January 27, 2023

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China’s large consumer market has not recovered to pre-epidemic levels yet

Tourists visit ice sculptures in Harbin, Heilongjiang Province, on New Year’s Day 2023.

China News Service | VCG | Getty Images

BEIJING — It will take some time for Chinese consumers to really start spending again, despite China’s sudden shift toward reopening.

About a month after Guangzhou resumed in-store dining, local coffee shop owner Timothy Chung said revenue is recovering — to 50% of normal levels.

“In late December, customer flow gradually returned to normal, with a slight upward trend, however [a recovery in] Business volume still needs to wait,” he said in Chinese, translated by CNBC.

He expects it will take at least three or four months before revenues return to normal. Over the past six months, revenue has fallen to 30% from typical levels, Chung said. He said the first Bem Bom Coffee store opened in late 2019, followed by a second store and a coffee academy in August 2021.

Official data showed that retail sales in China declined slightly for 2022 as of November. Consumption has lagged behind overall economic growth since the pandemic began nearly three years ago.

For next year, Bain’s partner, Derek Deng, has kept the expectations going. “We hope to get back at least to the level of the first quarter of 2022,” he said, noting that this was just before Shanghai’s lockdown.

Retail sales for the first three months of 2022 rose about 3.3% from a year ago, but slowed to a 0.7% decline in the first half of the year, according to Wind Information.

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Ding said a return to 2021 – when retail sales rebounded 12.5% ​​- would be an optimistic scenario. “I don’t think people see that as kind of the base case, because the macro factors are actually less favorable compared to 2021.”

The bulk of Chinese household wealth is related to real estate, which is a hot market for once Decreased in the past year. Stock markets in mainland China fell in 2022 for the first time in four years. Exports, an engine of Chinese growth, have started to decline in the past few months as global demand slumps.

Deng also cited his fears of a second wave of Covid, highly contagious XBB omicron subvariant Coming from abroad and geopolitical uncertainties.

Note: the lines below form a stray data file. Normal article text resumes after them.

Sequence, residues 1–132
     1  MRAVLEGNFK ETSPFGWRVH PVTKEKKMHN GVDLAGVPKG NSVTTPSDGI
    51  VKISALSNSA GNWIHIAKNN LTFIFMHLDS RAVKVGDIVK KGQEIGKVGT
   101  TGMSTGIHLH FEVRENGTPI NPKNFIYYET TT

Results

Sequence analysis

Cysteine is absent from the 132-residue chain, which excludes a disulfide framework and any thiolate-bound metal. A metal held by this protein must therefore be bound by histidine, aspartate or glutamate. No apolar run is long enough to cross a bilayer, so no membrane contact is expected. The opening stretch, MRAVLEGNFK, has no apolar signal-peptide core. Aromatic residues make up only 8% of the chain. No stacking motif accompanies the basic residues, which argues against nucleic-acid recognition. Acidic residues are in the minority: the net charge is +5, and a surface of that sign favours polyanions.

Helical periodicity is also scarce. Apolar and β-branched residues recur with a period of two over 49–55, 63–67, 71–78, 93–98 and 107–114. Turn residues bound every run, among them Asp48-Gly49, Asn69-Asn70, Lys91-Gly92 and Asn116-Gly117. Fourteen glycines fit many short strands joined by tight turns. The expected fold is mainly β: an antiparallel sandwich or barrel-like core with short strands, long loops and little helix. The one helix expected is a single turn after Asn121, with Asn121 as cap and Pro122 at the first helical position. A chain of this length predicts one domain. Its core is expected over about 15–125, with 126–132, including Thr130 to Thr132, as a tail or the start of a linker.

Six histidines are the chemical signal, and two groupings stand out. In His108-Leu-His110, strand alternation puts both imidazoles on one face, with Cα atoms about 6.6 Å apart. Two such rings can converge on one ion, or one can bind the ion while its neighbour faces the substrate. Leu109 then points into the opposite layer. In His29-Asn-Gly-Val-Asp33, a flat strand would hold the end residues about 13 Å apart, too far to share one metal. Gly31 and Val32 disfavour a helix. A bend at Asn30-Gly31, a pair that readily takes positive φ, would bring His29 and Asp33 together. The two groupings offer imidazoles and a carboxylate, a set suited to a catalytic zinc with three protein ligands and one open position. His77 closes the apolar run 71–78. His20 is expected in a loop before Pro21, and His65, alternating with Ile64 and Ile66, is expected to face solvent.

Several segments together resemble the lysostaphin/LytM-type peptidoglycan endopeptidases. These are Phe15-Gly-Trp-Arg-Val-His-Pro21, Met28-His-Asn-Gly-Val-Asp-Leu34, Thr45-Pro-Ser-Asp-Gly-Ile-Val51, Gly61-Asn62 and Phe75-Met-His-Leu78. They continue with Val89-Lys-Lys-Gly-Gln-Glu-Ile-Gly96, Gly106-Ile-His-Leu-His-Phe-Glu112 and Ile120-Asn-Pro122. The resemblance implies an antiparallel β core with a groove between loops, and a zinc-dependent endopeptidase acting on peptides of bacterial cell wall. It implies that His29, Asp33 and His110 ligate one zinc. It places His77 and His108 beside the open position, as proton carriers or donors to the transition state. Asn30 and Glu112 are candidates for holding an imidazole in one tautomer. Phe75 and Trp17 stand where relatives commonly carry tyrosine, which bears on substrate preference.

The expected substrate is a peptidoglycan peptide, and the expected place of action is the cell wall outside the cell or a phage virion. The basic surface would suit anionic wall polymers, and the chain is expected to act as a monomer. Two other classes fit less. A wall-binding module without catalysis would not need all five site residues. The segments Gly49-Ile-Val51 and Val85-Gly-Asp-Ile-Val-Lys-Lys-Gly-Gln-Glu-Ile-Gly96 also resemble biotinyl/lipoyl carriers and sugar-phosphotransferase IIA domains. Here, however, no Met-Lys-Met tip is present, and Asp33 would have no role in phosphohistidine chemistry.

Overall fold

“I think this has also affected people’s perceptions of their disposable income, or whether they need to save to face all that uncertainty,” he said.

Chinese consumers’ propensity to save has reached record levels Last year, according to the People’s Bank of China surveys.

Hopes for a travel revival

Analysts are closely watching the upcoming Lunar New Year holiday for signs of consumer confidence. This year’s Greater China holiday travel season runs from around January 7 to February 15 — with some 2.1 billion trips expected, according to official estimates.

China’s transport ministry said on Friday that’s double what it was last year, and 70% of 2019 levels. It noted that most trips will likely be to visit family, while only 10% will be for leisure or business travel.

This year, many Chinese people will finally be able to go abroad. The country is restoring the ability of Chinese citizens to travel abroad for leisure, after tightening control of the mainland’s borders for nearly three years. On Sunday, China officially lifted quarantine requirements for inbound travelers.

However, Chinese outbound travel is unlikely to rebound until around the next public holiday in early April, said Chen Xin, head of China leisure and transportation research at UBS Securities.

By then, people will be able to process their passport applications, while the number of international flights may recover to 50% or 60% of 2019 levels, Chen said. He added that measures such as pre-flight virus test requirements to visit certain countries could be eased in a few months.

Within China, Chen expects travel to get another boost after February when business travel picks up, and to return the hotel business to 2019 levels by the end of the year. It is based on an industry metric that measures revenue per available room.

Not everyone gets out

China The big city streets are getting busier With the passage of the first wave of infection.

But UBS’s Chen said most of them are young and middle-aged people going out again, noting that older people may be more careful about going out.

After gradually rolling back Covid controls, the Chinese authorities abruptly last month eliminated the bulk of the country’s virus testing and contact tracing measures. However, vaccination rates for the elderly in China have been relatively low. Only home-made vaccines are generally available in China.

Read more about China from the CNBC Pro

Bain’s Deng is also watching whether consumers start to checkout more. During the first three quarters of 2022, he said, about 56% of consumer spending was at home — reversing the pre-pandemic trend.

Ding said that if the share of out-of-home spending can rise by a few percentage points, it will affect how malls and restaurants factor into their business strategy, especially for delivery services.

In the past 18 months, the Chinese e-commerce giant JD.com Shortening the delivery period for many products from the next day to just one hour. This is through its partnership with dadais now majority owned by JD.

Figures released by the company showed that from December 16 to January 1, the one-hour delivery platform saw sales of vegetables, beef and mutton nearly double compared to last year. Refrigerator sales are up 700%, while sales of flat-panel televisions have jumped tenfold over a year ago, according to the data.